Anchorage man pleads guilty and is ordered to pay a $4,000 fine for violating the Marine Mammal Protection Act | USAO-AK


ANCHORAGE — An Anchorage man pleaded guilty to two counts of illegally trafficking walrus ivory in U.S. District Court and was fined $4,000 and sentenced to two years of probation.

Uzi Levi, 71, of Anchorage purchased six non-homemade Pacific walrus tusks and a three-tusk non-homemade Pacific walrus head mount from an undercover U.S. Fish and Wildlife Service special agent, all while violation of the Marine Mammal Protection Act. .

Under the Marine Mammal Protection Act, it is illegal for a non-native of Alaska to transport, buy, sell, export, or offer to buy, sell, or export any marine mammal or marine mammal product for purposes other than public display, scientific research or to enhance the survival of a species or stock or any part of a marine mammal that has not been transformed into an authentic item of indigenous craftsmanship.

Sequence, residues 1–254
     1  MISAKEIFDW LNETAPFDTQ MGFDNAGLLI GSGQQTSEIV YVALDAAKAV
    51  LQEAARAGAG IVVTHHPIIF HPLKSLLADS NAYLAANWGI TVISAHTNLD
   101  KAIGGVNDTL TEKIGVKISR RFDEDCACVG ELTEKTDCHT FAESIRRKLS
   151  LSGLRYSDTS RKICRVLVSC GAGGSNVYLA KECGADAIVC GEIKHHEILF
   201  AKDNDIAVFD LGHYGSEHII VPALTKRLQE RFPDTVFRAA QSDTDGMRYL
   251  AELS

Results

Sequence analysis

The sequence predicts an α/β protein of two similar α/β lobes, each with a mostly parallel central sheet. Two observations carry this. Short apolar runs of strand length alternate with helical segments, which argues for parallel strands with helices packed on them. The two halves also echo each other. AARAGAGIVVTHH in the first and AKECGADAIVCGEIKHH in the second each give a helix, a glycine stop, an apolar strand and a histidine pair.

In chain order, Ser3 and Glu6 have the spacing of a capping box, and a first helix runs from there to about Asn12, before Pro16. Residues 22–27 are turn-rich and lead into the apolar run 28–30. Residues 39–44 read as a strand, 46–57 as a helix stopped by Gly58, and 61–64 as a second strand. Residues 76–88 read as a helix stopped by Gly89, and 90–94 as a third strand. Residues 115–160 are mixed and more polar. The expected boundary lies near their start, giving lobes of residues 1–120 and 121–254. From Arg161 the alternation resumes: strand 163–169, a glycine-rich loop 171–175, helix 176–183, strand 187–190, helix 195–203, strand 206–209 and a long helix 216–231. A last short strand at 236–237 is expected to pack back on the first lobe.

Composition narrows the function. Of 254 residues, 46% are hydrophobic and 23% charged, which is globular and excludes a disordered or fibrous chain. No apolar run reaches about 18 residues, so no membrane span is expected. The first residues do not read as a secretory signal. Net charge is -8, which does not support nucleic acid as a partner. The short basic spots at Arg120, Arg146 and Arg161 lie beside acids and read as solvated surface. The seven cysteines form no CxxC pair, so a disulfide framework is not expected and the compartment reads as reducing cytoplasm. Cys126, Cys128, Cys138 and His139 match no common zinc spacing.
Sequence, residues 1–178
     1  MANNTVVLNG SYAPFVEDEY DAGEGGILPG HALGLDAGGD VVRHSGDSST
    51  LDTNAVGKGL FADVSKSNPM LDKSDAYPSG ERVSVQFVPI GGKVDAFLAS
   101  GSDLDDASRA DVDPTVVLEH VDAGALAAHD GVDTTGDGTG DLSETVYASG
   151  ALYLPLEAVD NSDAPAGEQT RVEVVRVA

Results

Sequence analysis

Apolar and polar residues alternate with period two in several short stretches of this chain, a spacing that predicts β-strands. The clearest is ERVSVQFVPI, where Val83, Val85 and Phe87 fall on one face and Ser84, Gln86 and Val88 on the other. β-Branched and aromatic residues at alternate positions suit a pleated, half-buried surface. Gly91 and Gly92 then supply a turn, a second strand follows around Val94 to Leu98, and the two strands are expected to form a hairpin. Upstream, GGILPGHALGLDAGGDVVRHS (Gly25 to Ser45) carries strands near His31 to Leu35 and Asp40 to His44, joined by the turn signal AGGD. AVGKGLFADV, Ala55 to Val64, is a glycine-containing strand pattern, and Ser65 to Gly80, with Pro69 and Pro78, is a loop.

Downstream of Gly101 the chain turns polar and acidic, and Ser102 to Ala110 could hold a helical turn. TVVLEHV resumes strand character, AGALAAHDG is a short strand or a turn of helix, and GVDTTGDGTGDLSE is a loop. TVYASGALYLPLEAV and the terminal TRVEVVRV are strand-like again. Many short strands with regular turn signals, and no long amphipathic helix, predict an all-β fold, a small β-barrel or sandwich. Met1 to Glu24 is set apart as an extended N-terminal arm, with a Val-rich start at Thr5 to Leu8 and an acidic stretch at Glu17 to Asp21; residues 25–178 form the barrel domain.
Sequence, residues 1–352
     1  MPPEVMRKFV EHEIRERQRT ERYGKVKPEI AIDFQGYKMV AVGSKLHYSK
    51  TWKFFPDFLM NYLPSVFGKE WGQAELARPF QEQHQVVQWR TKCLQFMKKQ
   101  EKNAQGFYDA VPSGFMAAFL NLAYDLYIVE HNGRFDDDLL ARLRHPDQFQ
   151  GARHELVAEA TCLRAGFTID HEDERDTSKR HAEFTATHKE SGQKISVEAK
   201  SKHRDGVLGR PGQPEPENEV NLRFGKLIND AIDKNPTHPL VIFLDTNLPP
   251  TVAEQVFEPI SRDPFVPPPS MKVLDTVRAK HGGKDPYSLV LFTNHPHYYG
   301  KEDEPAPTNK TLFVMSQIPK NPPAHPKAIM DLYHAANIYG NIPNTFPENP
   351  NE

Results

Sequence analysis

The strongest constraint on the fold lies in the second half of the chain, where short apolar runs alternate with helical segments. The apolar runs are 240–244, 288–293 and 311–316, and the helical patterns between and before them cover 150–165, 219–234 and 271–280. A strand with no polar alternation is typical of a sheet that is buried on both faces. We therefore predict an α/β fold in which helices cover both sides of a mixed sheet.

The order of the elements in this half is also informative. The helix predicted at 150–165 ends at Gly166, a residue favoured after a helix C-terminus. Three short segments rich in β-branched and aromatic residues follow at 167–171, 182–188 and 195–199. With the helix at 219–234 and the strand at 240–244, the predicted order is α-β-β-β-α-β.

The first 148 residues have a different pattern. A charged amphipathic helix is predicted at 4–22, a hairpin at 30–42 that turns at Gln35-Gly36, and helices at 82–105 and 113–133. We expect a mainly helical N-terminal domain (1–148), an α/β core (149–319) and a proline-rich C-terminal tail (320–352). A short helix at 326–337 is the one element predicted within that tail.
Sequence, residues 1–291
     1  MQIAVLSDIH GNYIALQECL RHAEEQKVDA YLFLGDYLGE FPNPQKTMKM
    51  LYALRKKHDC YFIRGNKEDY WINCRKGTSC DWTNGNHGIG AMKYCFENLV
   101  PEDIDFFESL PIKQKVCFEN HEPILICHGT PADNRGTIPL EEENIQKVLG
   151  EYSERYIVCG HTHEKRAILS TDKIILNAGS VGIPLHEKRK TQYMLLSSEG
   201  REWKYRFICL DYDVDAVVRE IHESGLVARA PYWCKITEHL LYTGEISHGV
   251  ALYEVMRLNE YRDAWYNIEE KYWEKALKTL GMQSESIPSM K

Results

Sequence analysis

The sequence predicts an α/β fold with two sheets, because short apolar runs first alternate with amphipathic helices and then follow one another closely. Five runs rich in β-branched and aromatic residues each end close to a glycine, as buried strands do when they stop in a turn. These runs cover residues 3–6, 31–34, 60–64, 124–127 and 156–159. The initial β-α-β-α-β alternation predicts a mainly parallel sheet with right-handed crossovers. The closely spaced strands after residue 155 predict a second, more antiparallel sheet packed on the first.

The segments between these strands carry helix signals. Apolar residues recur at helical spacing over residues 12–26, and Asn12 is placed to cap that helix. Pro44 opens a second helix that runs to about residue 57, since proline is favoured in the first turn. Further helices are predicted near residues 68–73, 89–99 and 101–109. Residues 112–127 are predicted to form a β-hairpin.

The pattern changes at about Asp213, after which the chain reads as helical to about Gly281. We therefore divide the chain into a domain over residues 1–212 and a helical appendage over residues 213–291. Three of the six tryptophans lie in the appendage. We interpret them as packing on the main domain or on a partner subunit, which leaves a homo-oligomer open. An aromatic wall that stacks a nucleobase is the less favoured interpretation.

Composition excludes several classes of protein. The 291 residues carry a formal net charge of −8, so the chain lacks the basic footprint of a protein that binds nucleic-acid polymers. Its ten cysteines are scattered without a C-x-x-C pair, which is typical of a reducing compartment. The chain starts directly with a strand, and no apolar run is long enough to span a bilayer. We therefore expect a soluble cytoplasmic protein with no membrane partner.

In June 2020, a U.S. Fish and Wildlife Service special agent observed what appeared to be an Alaska Native man wearing a non-homemade two-tusk walrus head mount in the rental car office owned by Levi, then left without her. A few weeks later, an undercover U.S. Fish and Wildlife Service special agent visited Levi’s rental car business and inquired about renting a vehicle. He explained that he didn’t have a lot of money and asked if there were other ways to rent a vehicle, such as trading or bartering. The unidentified company person called Levi and handed the phone to the undercover officer. During that call and over the next eight months, Levi and the agent exchanged numerous phone calls and text messages about the purchase of non-craft or raw walrus ivory, which resulted in Levi purchasing six non-homemade Pacific walrus tusks on July 13. 2020, and a non-crafted three-tusk walrus head mount on September 29, 2020

Levi pleaded guilty to both counts and was sentenced before United States District Court Chief Judge Sharon L. Gleason. In passing sentence on Levi’s raw ivory trade, Judge Gleason said, “The defendant’s actions have a real impact on Alaska Native artists trying to market their wares.”

U.S. Attorney S. Lane Tucker for the District of Alaska made the announcement. The US Fish and Wildlife Service investigated the case. Assistant United States Attorney Steve Skrocki prosecuted the case.

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